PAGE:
Nigeria’s #BringBackOurGirls movement on Friday urged the government to prioritize negotiations over military actions in its bid to rescue schoolgirls abducted by the Boko Haram militant group three years ago.
The demand, which is backed by parents of some of the victims, came as the movement began a week-long campaign ahead of the three-year anniversary of the abduction of 276 schoolgirls in northeastern Chibok town.
At least 195 of the girls are still believed to be in captivity. Others have either escaped, freed or released through negotiations.
Activists urge the government to expedite its action to free the girls who were taken on the night of April 14, 2014, from their school dormitory.
“The federal government owes the remaining 195 Chibok girls the justice of immediate rescue. Let that be done before April 14, 2017.
“Three years is an indefensible time for our young women to be left in terrorist captivity,” the movement said in a statement.
“We request the rest of the Nigerian people and others around the world who have stood in empathy for the cause of our Chibok Girls to join our movement in prevailing on the government to act on our demand,” the activists added.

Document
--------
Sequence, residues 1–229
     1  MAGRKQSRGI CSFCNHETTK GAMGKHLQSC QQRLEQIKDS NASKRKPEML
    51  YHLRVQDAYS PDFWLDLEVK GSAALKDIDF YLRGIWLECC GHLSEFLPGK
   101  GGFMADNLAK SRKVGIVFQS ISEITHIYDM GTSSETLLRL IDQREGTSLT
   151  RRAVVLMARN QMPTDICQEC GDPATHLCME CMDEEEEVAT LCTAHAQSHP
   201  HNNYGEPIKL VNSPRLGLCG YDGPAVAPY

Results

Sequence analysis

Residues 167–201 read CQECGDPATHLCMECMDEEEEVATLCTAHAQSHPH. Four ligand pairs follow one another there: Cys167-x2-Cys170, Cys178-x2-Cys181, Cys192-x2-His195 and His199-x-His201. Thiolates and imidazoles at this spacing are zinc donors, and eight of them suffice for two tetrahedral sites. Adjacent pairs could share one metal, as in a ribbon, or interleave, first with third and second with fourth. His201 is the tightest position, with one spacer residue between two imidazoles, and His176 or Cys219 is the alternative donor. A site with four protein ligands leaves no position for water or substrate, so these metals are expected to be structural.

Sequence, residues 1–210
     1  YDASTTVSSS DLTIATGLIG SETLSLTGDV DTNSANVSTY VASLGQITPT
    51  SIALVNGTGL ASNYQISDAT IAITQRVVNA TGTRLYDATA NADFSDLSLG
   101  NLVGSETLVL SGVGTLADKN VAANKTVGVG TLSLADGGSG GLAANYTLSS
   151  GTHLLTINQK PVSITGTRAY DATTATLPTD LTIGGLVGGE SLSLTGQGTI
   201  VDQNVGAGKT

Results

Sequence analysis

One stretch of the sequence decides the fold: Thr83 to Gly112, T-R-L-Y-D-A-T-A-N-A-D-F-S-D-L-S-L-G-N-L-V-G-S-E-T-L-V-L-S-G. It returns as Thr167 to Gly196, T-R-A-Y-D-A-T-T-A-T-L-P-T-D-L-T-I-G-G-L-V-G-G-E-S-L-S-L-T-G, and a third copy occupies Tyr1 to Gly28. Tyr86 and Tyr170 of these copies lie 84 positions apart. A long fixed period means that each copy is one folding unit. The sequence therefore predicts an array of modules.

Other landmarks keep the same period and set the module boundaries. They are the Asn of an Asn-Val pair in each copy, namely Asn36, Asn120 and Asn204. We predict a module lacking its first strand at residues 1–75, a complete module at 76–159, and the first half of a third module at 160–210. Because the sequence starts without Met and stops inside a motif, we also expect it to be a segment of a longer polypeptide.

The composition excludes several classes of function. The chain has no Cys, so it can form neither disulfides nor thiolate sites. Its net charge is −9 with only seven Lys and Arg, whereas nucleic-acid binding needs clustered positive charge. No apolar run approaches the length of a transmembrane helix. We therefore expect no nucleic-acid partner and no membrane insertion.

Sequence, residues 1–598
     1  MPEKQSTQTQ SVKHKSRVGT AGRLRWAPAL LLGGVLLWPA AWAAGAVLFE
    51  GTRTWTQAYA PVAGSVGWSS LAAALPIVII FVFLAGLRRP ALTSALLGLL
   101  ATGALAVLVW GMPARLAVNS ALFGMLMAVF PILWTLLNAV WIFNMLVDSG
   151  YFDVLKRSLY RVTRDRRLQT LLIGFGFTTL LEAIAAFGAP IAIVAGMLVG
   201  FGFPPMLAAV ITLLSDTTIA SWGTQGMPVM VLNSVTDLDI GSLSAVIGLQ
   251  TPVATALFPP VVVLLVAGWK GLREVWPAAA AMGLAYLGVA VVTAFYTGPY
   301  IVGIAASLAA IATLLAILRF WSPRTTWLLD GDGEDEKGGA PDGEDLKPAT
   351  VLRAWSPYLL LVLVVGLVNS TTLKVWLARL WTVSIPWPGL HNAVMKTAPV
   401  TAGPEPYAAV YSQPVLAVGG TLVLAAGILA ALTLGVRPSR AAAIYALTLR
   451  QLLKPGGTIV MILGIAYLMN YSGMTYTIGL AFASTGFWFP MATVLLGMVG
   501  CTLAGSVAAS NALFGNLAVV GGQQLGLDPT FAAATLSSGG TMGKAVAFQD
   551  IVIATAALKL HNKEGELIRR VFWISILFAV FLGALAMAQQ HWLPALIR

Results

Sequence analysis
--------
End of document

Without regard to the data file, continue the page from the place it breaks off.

The demand for prioritizing negotiations over military actions is anchored on the successful rescue of 21 girls through dialogue last October.
Only three of the girls had regained freedom through military operations. At least 57 of the hostages had escaped their captors on the night of the kidnapping.
Samuel Yaga, father of one of the girls, Rebecca, backed the movement’s demand.
“If negotiation will do the work, I agree it should be pursued without any delay,” Yaga told Anadolu Agency Friday, adding: “The pain of waiting endlessly for one’s child is simply not what any part will bargain for.”
Prominent activities for the commemoration include a special prayer scheduled for Friday evening, a special church service on Sunday, a workshop on missing persons, a media engagement on Thursday, an inaugural lecture to be delivered next Friday by the outspoken Emir of Kano Muhammadu Sanusi II, and a news briefing to round off the events.